Digital (aka DEC) used to make some very solid minicomputers back when a minicomputer was fridge-sized and people were still building nuclear power stations to be controlled by them. The Raspberry Pi Zero is a very mini computer indeed, and in USB gadget mode running SimH it makes a nice little emulation platform.
Microsoft used to supply two versions of its BASIC for Macintosh. One used decimal mathematics for precise tallying of small amounts. The other used the more familiar floating point mathematics, rounding errors and all. I don’t know what floating point library Microsoft used for sure — perhaps Motorola’s 32-bit Fast Floating Point system — but it introduces rounding errors pretty quickly. Modern routines don’t start displaying oddly until after 15 decimal places.
Consider this simple program:
10 LET x=36/10
20 LET a$="## #.#"
30 FOR n%=1 TO 18
40 PRINT USING a$; n%; x
50 LET a$=a$+"#"
60 NEXT n%
Along with the number of decimal places, it should print 3.6, 3.60, 3.600, 3.6000, … with an increasing line of zeroes after the 3.6. Bas makes a valiant but typical attempt:
I’d previously got a proper power supply (9 V DC, ≥ 1.4 A, centre negative) and bypassed the PAL UHF modulator to give composite video. No television, monitor or converter box that I had tried seemed to give a useful display.
Back in May, Walter Miraglia brought a tiny 7″ composite colour monitor to TPUG‘s Retrocomputing Night. He let me try it with the Spectrum, and it worked very well. Walter said it was an extension monitor for a car DVD player.
a 9–12 V DC power supply able to give ≥ 1 A. I use a regulated supply that gives 9.1 V open circuit and is rated at 2 A. Note that the power connector is slightly smaller than the common 2.1 mm barrel, so you may have to order this one, unless you can solder something up.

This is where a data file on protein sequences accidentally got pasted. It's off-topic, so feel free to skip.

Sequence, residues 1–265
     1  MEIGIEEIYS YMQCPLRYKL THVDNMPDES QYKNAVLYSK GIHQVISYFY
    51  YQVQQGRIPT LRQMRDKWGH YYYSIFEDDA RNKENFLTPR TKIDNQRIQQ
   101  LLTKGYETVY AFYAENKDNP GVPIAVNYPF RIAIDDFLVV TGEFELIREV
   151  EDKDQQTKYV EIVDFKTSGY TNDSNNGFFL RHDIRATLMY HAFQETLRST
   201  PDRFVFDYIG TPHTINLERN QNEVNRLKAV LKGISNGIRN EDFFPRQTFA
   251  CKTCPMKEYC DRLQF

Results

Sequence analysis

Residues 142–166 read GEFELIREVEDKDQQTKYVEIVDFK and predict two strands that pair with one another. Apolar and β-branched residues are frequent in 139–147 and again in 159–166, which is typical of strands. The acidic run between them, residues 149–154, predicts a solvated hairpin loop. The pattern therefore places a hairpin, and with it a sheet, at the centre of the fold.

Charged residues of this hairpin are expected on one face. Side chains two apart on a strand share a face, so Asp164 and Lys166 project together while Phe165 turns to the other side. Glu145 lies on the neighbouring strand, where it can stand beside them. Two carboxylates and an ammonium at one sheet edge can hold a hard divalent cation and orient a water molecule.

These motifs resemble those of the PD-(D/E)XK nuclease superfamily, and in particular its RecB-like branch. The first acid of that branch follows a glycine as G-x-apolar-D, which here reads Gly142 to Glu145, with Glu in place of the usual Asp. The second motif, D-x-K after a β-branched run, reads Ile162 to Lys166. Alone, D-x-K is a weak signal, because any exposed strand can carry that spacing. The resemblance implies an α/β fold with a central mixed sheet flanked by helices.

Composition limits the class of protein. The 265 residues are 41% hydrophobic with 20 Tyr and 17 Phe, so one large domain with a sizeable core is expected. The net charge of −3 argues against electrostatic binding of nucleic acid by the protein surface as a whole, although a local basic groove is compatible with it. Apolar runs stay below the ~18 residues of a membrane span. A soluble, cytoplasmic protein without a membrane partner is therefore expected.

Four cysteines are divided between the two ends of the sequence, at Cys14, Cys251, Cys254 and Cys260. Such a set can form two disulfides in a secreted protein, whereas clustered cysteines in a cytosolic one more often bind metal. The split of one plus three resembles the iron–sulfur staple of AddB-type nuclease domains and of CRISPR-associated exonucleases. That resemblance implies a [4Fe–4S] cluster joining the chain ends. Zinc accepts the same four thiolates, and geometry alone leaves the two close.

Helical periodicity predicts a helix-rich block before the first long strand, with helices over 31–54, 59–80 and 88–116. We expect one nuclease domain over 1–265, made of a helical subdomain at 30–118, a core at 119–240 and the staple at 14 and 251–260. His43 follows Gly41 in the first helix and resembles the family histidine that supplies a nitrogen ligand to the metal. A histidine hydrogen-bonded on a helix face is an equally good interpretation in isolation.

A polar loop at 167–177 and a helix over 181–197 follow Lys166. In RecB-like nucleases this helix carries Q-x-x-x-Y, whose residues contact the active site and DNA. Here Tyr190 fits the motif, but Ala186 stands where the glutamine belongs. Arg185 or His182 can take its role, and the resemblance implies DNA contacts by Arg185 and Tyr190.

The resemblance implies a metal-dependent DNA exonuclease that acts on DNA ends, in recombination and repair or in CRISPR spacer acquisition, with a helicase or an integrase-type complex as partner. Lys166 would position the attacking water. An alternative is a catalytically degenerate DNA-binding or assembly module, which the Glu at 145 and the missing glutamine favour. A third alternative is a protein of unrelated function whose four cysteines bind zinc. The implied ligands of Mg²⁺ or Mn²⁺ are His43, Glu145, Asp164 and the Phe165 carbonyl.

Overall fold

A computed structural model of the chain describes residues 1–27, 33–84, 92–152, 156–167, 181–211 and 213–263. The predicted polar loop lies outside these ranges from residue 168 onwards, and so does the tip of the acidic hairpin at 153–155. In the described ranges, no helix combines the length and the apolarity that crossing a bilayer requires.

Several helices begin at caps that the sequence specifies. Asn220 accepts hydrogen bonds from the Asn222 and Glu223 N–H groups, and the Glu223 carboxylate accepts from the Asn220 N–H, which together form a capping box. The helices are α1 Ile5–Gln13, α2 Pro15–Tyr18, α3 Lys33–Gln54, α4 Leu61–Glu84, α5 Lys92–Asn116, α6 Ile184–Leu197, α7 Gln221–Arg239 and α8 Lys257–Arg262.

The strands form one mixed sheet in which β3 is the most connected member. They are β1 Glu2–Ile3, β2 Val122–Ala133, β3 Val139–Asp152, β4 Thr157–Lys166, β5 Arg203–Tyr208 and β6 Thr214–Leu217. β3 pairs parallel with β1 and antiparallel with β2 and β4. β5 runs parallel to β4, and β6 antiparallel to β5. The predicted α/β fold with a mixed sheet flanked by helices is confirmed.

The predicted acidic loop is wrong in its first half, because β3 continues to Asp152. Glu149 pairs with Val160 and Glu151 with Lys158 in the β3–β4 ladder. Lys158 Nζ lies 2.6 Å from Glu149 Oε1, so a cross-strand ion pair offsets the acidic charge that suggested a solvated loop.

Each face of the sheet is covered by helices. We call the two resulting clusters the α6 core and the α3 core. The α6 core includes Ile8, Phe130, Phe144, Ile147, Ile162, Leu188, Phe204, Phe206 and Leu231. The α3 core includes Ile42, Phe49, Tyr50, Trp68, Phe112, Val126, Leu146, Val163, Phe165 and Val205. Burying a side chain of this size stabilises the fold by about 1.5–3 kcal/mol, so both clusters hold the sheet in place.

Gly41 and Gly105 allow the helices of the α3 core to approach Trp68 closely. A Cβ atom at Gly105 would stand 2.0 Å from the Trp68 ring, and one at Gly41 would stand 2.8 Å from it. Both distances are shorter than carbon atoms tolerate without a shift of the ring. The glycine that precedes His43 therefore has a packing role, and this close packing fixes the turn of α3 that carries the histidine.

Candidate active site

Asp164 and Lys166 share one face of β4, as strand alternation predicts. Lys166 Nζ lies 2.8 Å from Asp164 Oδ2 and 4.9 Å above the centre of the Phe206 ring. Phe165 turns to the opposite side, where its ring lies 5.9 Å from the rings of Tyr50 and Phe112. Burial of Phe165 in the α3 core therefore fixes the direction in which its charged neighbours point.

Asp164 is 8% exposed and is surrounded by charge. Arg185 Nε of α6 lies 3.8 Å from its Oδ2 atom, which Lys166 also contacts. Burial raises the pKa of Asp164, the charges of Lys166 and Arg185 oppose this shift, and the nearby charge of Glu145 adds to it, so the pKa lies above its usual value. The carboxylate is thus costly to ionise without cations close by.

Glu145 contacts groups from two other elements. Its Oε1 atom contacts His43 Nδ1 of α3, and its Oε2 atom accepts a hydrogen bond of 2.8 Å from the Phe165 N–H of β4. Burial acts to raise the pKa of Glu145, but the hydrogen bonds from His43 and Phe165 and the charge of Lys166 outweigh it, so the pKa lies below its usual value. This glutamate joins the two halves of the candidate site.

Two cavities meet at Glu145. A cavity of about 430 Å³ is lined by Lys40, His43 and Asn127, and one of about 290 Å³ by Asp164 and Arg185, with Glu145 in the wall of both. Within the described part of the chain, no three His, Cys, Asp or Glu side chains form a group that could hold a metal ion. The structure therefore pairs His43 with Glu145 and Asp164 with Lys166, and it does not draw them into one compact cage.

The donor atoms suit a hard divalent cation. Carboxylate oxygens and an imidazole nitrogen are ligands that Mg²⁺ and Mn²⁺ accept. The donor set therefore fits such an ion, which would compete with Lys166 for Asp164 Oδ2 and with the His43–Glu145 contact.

A cable like this 3.5mm Stereo to Composite Video + Audio Cable (3 RCA). These are sometimes just called camcorder cables. They use a 3½ mm TRRS jack, and can also — if you don’t mind not quite having the connectors in the right order — work with the composite/audio output of more recent Raspberry Pis. Tech Source had these for under $5.
Connect it up , and — success! Well, slightly qualified success. The screens do not have the greatest resolution, so pixels are slightly smeared together. The screens do have a decently fast refresh, and the whole look is just right. With its colour clash and dot crawl, nobody ever expected great video from the Speccy anyway.
Here are some screen shots taken with my phone, and a couple of pixel-sharp screenshots from Fuse to compare:
So I can now definitely view the screens. Huge thanks to Walter for tipping me off to these DVD players.
[Incidentally, the screens are designed for car use, so don’t stand up properly unless you get creative with some supports. I laser-cut these out of 3 mm plywood:
Glue the little sticks on to the flat ends, and they’ll fit into the slots in the back of the monitor. Here are the feet with the sticks fitted: